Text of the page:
Weekly Wire
Austin Chronicle Home Fries

By Marc Savlov

NOVEMBER 30, 1998: 

D: Dean Parisot; with Drew Barrymore, Catherine O'Hara, Luke Wilson, Jake Busey, Shelley Duvall, Kim Robillard, Daryl Mitchell, Lanny Flaherty, Chris Ellis. (PG-13, 92 min.)

This locally shot feature debut by Dean Parisot plays like a quasi-sequel to Wes Anderson's minor cult classic Bottle Rocket. Both films star Dallas native Wilson as a quiet Everyman caught up in circumstances (romantic and otherwise) beyond his control, and both films feature quirky, small-scale Texas lifestyles of the poor and bewildered. Home Fries ups the ante, however, by tossing in some outlandish plotting and one large military aircraft, and ends up being the lesser of the two films by virtue of its brazen silliness. Wilson plays Dorian, a young, part-time Texas National Guardsman who, alongside his brother Angus (Busey, over the top and loving it), flies Cobra attack helicopters on the weekends and spends his days, apparently, plotting to drive off his philandering stepfather Henry (Ellis). This at the behest of the brother's controlling mother (O'Hara), a brassy, shrewish witch of a woman whose entreaties to the boys to get rid of old Henry once and for all lead to the man's semi-accidental demise via helicopter terrorism. When that happens, and in an effort to clean up any loose evidentiary ends, Dorian takes a job at the local Burger-Matic, where he checks out pregnant counter girl Sally (Barrymore) to see what she knows, if anything, and eventually falls in love. As complex as that sounds (and Home Fries takes a while to set things up for its audience), things grow even more interesting as the convoluted plot sails along. Wilson is the emotional linchpin in this highly emotional film, and he does the job with a guileless ease. He's the kind of actor that seems destined to slip through the cracks of the studio system until someone realizes he's the guy holding up the entire film. Slyly acting with a bare modicum of attention-grabbing flare, Wilson feels like a young Hoffman minus the mumble. High praise, I know, but rarely have I seen a young actor with such internalized talent. Is it live or is it Luke? Or is it acting? I don't know but whatever it is it works, drawing you in and making you care in the midst of a charitably ramshackle storyline. Barrymore is all cuteness and light, as she often is, though Duvall and especially O'Hara more than make up for it with country laissez-faire (Duvall) and screeching irritants (O'Hara). In the end, Home Fries bites off more than it can chew with its protracted tale of aggrieved families, double-dealing romance, and Jake Busey's teeth (which, frankly, should have received much higher billing). It's small-town humor with big-city scripting, but at least there's Luke Wilson to savor.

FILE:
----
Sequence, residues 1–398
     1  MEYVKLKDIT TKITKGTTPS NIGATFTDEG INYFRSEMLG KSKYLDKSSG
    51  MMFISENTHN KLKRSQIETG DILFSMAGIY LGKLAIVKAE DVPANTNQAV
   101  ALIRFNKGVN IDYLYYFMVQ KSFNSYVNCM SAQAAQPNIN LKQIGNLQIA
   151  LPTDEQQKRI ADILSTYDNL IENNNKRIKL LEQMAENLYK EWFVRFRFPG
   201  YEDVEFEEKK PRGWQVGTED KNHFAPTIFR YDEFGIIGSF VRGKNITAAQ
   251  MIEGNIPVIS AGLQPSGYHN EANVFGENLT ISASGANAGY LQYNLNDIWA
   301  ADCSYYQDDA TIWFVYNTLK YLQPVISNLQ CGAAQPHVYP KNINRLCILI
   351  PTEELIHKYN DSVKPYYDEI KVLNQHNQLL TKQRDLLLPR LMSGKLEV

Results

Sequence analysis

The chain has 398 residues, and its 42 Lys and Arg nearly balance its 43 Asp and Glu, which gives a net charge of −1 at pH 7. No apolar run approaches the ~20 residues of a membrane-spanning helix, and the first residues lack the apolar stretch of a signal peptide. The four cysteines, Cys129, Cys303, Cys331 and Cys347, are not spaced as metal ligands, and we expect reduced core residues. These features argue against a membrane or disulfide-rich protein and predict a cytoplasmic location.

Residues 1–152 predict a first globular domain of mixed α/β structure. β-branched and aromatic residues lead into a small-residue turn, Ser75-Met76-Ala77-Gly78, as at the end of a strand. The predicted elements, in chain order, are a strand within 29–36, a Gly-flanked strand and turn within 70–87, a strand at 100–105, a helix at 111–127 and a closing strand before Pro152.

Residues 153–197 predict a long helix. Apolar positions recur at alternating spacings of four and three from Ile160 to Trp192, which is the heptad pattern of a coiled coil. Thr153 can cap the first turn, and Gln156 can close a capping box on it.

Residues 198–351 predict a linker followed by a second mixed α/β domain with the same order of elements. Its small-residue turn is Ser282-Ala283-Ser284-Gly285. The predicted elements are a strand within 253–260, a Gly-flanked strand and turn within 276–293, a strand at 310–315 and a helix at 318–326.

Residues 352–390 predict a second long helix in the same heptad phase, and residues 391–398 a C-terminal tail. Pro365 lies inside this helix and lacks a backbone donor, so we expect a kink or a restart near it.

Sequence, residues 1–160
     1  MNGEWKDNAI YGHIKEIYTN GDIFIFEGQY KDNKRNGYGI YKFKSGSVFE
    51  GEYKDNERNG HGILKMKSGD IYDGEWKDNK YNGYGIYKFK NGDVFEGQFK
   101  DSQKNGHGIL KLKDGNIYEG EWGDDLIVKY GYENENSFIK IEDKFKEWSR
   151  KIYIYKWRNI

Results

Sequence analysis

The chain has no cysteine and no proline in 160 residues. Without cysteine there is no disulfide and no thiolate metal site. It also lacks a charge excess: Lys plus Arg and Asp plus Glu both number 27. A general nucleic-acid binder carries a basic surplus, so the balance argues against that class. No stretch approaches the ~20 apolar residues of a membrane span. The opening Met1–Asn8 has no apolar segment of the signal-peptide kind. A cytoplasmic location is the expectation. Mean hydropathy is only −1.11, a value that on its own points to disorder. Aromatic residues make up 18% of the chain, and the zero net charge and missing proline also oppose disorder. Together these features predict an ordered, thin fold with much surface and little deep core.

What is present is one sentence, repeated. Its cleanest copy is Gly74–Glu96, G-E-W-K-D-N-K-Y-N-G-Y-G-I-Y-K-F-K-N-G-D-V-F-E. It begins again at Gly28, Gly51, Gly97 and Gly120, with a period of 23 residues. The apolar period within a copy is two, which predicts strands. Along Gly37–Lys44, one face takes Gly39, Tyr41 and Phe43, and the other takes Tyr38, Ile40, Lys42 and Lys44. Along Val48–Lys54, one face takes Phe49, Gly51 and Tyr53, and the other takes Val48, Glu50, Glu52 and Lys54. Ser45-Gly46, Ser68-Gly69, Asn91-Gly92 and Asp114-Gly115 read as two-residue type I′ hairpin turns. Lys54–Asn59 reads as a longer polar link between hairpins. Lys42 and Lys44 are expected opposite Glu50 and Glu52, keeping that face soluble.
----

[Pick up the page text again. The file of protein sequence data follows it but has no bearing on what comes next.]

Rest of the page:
2.5 stars

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